One crucial factor that researchers often ignore, Blatchford says, is the effect that larger classes have on teachers themselves, particularly in terms of the marking and admin load – something that can have huge implications for teacher retention.
“In the book we have cries of pain of teachers saying, ‘Look, I’ve got 35 in the class, I’ve got three bits of work to mark tonight, that’s well over 90 bits of work. Let me out!’ So there’s a lot of concern, I think, that comes out, which we try to articulate. But this isn’t helping to keep people in the profession when their cries for help are not really being heard,” he explains.
Are smaller classes better?
As well as teachers, there are two other groups that Blatchford’s work has shown tend to be negatively affected by larger classes: younger children and pupils who have lower attainment or special educational needs.
“If you look at the OECD [Organisation for Economic Cooperation and Development] figures on class size, the UK is unique in having larger classes at primary than lower secondary. And it does seem somewhat perplexing, pedagogically, that it is that way around. Given the strongest findings, I think it’s fair to say, across all the studies, that the biggest effects are with the youngest children – the priority group would be the youngest children in school,” Blatchford says.
But what does all of this mean for teachers? Few practitioners would be likely to disagree with Blatchford’s findings – after all, his research confirms what teachers, on the whole, already believed about class size. Yet teachers themselves have very little, if any, control over how big their classes are
Blatchford recognises this. In the book he outlines some steps that teachers can take to reduce the workload that a larger class creates, if they do find themselves struggling with things like marking.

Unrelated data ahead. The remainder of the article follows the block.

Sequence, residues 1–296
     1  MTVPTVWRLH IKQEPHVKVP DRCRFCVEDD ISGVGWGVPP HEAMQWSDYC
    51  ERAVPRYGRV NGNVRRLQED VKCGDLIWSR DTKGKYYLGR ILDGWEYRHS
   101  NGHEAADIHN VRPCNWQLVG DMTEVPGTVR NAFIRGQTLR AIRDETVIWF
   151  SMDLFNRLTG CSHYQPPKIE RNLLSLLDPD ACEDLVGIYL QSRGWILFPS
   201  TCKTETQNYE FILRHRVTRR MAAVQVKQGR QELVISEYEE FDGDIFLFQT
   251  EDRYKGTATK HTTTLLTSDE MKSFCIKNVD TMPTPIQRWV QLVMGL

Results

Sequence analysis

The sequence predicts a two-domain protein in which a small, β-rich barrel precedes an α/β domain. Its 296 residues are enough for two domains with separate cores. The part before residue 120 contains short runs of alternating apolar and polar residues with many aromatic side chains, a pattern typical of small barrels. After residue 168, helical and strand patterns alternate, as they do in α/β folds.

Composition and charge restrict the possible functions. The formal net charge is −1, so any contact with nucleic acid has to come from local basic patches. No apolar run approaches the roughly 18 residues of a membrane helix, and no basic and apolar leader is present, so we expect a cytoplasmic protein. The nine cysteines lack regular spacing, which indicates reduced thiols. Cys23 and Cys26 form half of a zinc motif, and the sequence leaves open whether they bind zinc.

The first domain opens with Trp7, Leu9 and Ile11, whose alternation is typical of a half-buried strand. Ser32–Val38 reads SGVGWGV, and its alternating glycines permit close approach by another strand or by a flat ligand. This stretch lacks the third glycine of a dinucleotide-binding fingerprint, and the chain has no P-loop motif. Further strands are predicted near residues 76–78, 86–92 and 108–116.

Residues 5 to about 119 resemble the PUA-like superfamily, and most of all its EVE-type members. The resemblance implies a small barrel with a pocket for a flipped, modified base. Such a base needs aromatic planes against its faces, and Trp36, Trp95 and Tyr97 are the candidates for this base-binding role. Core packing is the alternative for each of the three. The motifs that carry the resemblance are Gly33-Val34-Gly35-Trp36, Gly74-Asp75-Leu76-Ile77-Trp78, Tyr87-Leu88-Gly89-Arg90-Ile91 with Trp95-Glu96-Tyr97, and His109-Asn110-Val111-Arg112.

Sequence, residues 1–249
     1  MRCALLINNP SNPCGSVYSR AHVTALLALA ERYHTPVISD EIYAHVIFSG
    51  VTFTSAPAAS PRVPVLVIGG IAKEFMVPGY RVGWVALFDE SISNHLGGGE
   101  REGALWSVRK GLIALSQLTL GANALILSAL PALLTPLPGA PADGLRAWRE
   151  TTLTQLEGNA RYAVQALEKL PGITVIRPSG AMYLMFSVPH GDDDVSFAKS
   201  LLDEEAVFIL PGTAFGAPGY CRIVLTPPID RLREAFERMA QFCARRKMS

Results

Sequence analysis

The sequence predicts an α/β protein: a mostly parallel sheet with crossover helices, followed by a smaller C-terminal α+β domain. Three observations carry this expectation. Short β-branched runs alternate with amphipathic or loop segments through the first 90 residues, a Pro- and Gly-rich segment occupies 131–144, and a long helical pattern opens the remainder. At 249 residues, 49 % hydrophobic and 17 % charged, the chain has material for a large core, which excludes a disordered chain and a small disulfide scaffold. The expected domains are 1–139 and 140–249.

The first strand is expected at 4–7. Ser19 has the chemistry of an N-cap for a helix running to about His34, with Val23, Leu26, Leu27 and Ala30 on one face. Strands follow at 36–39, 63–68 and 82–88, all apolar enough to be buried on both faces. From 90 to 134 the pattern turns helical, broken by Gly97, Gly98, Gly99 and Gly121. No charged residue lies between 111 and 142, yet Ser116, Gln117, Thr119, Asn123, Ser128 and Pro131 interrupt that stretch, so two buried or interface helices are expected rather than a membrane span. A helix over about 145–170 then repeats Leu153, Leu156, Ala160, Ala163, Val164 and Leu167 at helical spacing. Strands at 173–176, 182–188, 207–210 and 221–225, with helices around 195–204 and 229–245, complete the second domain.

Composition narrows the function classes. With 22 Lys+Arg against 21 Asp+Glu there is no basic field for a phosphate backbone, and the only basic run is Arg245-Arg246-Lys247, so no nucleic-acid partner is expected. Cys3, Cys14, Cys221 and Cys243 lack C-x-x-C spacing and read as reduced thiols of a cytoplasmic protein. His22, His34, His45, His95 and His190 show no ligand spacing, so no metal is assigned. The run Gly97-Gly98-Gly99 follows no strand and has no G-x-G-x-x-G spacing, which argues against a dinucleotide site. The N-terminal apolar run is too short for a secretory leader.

“We try to take it further and develop ways in which you can think about teaching in large and small classes and one of the routes we take is through how one can deal with the whole business of marking. There are some recent reports that are quite helpful. There are ways in which one can try to rethink the whole way in which we do individual marking after a lesson, because it can be pretty soul-destroying for teachers when they’ve got so many to do.”
However, there is another way that Blatchford’s book might be a positive force for those working in schools. It contributes to the view that education research needs to pay more attention to the act of teaching, and how policies and initiatives affect the work that teachers have to do, rather than only looking at outcomes for pupils as the measure of whether something is worth doing.
And if more policy-makers and researchers fully understood teaching, Blatchford suggests, then we might have more initiatives focused on the needs of teachers – which ultimately would help to improve outcomes for pupils.
“My sense is that underlying the view that class size isn’t terribly important is a view that teaching is about lecturing. It’s about passing on information. And this is another thing that bothers me – that the people who do this type of research, often, because they’re not teachers, don’t appreciate, especially at primary school. That’s a very limited view of what teaching is,” Blatchford says.
You can download Rethinking Class Size by Peter Blatchford and Anthony Russell for free via UCL Press